AN economic boom that’s reverberated across Southeast Asia has finally crossed over to Thailand.
The economy, which has lagged its neighbors this decade, is projected to have grown at the fastest pace in more than four years last quarter even as the baht surged. There’s reason to be optimistic, as exports post double-digit percentage gains and the end of a yearlong mourning period for King Bhumibol Adulyadej bolsters the outlook for consumption.
“We’re becoming more and more optimistic as the recovery in exports is more enduring than we expected,” said Eugenia Victorino, an economist at Australia & New Zealand Banking Group Ltd. in Singapore. “There’s still a lot of challenges, particularly the inability of the government to ‘crowd in’ private investment. That would really
reenergize the economy.”
The GDP probably grew 3.8 percent in the third quarter from a year ago, according to the median estimate of nine economists surveyed by Bloomberg. That would be the quickest pace since the first quarter of 2013, according to the data. The government will release official figures on November 20.
Southeast Asian economies are enjoying a growth resurgence with expansion in Vietnam and the Philippines quickening. Malaysia’s economy grew at the fastest pace in more than three years in the third quarter, data showed last Friday.
Thailand’s exports are coping with the strength of the baht, posting gains of more than 10 percent in each of the five months through September. The baht has advanced more than 8 percent in 2017, among the best performers in Asia.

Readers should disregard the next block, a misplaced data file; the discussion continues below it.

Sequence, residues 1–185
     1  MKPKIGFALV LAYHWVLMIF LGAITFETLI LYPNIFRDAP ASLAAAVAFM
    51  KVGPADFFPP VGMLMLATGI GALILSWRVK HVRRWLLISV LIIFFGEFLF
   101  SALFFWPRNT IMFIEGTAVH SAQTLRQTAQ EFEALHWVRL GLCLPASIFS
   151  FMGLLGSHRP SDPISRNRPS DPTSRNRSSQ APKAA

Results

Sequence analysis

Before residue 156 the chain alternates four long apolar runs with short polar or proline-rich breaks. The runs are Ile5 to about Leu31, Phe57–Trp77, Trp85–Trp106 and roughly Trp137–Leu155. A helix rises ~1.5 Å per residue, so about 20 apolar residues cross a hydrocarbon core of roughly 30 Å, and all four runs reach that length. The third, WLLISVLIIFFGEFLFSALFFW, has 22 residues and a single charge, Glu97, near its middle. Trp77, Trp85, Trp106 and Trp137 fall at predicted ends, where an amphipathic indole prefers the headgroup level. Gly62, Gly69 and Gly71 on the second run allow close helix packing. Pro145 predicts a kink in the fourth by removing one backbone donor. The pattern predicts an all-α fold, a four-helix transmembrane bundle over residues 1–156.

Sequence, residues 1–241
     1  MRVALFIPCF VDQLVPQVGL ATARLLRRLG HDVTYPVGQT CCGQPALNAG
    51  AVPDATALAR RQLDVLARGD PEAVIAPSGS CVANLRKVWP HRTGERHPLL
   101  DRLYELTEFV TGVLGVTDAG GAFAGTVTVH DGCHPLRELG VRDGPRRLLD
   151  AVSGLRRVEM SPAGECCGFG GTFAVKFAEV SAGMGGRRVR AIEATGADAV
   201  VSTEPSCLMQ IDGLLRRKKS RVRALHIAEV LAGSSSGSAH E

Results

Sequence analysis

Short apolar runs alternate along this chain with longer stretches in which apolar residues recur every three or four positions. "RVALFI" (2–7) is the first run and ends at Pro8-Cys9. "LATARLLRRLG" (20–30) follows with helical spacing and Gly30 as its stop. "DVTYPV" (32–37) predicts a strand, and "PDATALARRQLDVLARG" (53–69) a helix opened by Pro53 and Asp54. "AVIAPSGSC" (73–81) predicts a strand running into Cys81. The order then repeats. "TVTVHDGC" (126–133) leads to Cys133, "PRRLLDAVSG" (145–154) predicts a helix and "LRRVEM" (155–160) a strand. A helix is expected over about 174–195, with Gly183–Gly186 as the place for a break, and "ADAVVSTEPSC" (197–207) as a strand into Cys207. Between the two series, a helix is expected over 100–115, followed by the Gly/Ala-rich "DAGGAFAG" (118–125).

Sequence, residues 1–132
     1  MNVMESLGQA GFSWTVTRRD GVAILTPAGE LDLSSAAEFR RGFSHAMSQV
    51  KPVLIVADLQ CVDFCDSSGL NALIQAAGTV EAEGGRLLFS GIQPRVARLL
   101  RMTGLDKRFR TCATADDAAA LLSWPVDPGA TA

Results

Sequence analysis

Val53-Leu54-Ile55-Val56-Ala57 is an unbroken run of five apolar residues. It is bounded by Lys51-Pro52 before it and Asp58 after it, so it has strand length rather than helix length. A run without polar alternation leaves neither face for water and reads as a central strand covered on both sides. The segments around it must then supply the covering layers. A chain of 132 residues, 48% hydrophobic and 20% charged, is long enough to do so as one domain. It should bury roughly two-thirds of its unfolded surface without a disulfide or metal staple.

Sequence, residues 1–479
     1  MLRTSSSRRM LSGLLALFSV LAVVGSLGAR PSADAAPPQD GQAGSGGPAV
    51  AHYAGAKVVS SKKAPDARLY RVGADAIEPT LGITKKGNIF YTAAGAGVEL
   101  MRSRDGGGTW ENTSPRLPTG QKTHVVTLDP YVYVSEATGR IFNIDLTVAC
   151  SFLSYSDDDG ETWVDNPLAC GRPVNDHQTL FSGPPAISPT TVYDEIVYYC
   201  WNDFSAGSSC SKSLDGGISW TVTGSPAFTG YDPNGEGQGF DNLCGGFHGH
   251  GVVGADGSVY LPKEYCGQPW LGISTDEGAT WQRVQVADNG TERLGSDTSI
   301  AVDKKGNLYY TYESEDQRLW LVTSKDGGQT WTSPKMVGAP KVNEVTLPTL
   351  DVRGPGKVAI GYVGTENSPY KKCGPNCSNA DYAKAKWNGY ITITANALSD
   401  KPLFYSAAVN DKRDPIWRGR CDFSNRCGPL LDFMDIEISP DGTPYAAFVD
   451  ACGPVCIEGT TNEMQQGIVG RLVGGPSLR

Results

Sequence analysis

“The broad-based rise in exports has continued despite a strong baht,” said Tim Leelahaphan, Bangkok-based economist at Standard Chartered Bank. “The baht has been driven by healthy macroeconomic fundamentals rather than portfolio inflows, and these should continue to support the currency for the rest of this year and in 2018.”
The government approved this month tax breaks for year-end shopping and has embarked on a 1.5-trillion baht ($45-billion) plan to build infrastructure and advanced industry along the eastern seaboard. The Bank of Thailand has held its key interest rate near a record low since 2015.
Thailand—under military rule since 2014—is on course for elections next year, injecting uncertainty into the outlook. While some analysts expect a growth boost, others are concerned political divisions could once again flare up.
Image credits: Bloomberg